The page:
A man walks by a frozen, fallen tree branch in Ottawa Monday, April 16, 2018 after an ice storm. Exceptionally high winds, snowstorms, and an ice storm battered various parts of southern Canada in April, normally when spring starts to arrive. Photo: Stu Mills/CBC

Global warming: So how was your April?

Share

Here we are in May, well into spring and heading for summer.  In much of North America though, spells of actual warm weather have only just begun to arrive, and hesitantly at that in many places.  Indeed this evening there’s still a frost warning into parts of southern Quebec.

Highway driving conditions at Levis across from Quebec City April 4, 2018. Photo: Pascal Poinlane- Radio-Canada

This has led many climate skeptics in Canada and the U.S to once again to denounce claims of global warming and how that is changing the world’s climate.  Trouble is, throughout almost the entire rest of the world, it’s been one of the warmest, if not the warmest April on record.

Global surface air temps for April shows warmer than average temps everywhere except central North America. Image: European Centre for Medium Range Weather Forecasts Copernicus Climate Change Service

While parts of southern Canada were experiencing abnormal cold and snowstorms, parts of England and throughout France were experiencing a heatwave.

Not only did southern Ontario and Quebec and the maritimes get battered by snow and ice storms, but also huge wind storms in April which caused tens of thousands or people to be without power as ice and trees brought down power lines like this tree in a Toronto neighbourhood. Photo: Alison Chiasson-CBC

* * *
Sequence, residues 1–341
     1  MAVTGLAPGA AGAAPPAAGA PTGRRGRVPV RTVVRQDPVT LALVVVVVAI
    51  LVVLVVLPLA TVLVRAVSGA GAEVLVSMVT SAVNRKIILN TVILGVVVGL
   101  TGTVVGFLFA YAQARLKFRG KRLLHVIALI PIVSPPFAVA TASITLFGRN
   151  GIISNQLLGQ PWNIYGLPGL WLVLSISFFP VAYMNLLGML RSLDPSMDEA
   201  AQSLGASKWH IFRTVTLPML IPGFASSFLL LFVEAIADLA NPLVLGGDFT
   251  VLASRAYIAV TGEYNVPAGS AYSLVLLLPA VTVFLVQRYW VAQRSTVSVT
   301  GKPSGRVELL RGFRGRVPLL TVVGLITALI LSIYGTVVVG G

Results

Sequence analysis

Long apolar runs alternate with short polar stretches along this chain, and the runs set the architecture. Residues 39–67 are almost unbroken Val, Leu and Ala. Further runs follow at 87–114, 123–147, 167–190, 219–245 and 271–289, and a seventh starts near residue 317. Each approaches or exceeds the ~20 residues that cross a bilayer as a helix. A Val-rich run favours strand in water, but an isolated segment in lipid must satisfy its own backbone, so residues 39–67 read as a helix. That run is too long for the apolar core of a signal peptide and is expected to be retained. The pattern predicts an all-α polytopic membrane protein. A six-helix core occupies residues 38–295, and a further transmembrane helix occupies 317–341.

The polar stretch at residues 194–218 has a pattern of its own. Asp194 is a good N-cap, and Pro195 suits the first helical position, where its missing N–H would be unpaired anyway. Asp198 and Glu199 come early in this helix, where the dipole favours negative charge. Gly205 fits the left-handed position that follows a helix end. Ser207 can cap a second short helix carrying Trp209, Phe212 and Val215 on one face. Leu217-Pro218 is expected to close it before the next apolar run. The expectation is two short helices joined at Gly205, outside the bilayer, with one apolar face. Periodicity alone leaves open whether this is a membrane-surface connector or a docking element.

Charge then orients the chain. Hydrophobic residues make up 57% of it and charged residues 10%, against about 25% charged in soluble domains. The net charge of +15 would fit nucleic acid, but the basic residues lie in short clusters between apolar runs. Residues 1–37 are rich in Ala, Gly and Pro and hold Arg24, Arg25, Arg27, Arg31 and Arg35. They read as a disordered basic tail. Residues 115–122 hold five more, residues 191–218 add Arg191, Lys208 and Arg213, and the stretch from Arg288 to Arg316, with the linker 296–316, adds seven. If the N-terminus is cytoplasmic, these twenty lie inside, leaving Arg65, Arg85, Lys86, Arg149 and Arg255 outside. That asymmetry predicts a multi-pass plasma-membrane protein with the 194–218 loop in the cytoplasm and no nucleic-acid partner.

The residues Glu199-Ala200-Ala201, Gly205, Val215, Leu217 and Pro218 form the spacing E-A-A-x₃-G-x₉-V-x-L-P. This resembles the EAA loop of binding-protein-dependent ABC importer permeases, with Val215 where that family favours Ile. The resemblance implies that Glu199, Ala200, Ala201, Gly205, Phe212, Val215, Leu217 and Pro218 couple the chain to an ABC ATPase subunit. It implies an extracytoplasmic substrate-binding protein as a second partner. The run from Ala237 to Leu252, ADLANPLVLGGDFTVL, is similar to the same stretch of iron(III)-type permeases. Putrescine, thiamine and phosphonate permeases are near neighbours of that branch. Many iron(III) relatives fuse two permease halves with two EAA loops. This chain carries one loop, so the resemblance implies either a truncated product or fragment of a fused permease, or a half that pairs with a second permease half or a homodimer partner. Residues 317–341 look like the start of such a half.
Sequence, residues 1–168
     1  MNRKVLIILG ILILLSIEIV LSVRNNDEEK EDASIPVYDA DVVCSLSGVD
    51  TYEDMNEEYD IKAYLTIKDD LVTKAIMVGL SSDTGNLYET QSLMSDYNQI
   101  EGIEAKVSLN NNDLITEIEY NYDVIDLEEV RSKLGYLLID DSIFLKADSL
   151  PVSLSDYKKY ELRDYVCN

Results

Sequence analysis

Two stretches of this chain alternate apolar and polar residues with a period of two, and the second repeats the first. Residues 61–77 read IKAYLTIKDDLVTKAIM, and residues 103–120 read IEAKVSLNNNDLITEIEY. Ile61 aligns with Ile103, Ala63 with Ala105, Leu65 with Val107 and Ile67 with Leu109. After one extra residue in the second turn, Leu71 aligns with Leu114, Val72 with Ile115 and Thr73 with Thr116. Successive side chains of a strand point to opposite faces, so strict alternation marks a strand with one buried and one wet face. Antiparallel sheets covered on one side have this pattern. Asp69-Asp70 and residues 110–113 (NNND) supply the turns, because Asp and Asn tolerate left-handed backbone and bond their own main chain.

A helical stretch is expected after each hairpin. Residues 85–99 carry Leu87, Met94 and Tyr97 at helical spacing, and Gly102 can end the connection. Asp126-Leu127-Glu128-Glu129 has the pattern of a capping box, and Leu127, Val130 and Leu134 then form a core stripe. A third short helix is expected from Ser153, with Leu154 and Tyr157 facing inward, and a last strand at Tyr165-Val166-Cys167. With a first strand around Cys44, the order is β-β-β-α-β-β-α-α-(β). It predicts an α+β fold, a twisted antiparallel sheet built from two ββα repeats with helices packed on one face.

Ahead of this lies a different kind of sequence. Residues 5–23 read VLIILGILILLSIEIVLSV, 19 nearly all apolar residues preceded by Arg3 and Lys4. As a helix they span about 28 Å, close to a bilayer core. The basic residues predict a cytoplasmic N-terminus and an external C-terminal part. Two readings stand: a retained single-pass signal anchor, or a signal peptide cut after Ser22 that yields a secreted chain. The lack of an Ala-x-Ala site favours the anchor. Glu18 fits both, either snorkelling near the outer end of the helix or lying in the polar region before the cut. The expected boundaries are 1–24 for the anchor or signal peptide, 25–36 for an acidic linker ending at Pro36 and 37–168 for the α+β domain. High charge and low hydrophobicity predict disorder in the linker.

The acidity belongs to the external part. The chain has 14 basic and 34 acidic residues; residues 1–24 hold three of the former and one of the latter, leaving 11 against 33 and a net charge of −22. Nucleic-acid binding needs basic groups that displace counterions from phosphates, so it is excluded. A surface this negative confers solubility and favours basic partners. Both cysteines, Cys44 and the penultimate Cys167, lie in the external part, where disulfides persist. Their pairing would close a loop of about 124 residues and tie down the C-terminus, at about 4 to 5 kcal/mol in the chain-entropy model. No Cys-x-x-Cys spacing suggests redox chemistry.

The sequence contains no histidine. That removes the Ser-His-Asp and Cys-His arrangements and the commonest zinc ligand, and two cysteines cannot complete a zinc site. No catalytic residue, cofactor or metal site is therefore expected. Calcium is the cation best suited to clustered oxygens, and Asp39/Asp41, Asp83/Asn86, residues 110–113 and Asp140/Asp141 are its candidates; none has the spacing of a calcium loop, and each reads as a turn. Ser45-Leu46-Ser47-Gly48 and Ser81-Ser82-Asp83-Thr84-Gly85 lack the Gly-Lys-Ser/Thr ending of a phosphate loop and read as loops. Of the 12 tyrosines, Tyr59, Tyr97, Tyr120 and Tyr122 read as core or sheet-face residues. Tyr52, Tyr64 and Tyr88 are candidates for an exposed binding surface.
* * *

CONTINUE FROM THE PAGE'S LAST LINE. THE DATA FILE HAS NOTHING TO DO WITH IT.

Down in the southern hemisphere where they’re in Autumn heading into  winter, many places broke April heat records and in one area of the northwest, an historical all-time record high of 45.9 Celsius was recorded.

While central North America was shivering, much of the rest of the world was experiencing an abnormally warm April, like this scene in a Paris park on April 18. Photo: Getty Images.

Sydney had 11 consecutive days of temperatures over 25 C,  also breaking April records for the city.

As we still struggle with achieving warm spring weather in much of southern Canada, the long range forecast for western Canada for the summer is above average heat, and more or less normal temperatures for central and eastern Canada, if any weather can be classed as “normal” anymore.

Additional information – sources

Share
Tagged with: , , , , ,
Posted in Environment, International, Internet, Science and Technology

Do you want to report an error or a typo? Click here!

@*@ Comments

Leave a Reply

Your email address will not be published. Required fields are marked *

 characters available

Note: By submitting your comments, you acknowledge that Radio Canada International has the right to reproduce, broadcast and publicize those comments or any part thereof in any manner whatsoever. Radio Canada International does not endorse any of the views posted. Your comments will be pre-moderated and published if they meet netiquette guidelines.

Netiquette »

When you express your personal opinion in an online forum, you must be as courteous as if you were speaking with someone face-to-face. Insults and personal attacks will not be tolerated. To disagree with an opinion, an idea or an event is one thing, but to show disrespect for other people is quite another. Great minds don’t always think alike—and that’s precisely what makes online dialogue so interesting and valuable.

Netiquette is the set of rules of conduct governing how you should behave when communicating via the Internet. Before you post a message to a blog or forum, it’s important to read and understand these rules. Otherwise, you may be banned from posting.

  1. RCInet.ca’s online forums are not anonymous. Users must register, and give their full name and place of residence, which are displayed alongside each of their comments. RCInet.ca reserves the right not to publish comments if there is any doubt as to the identity of their author.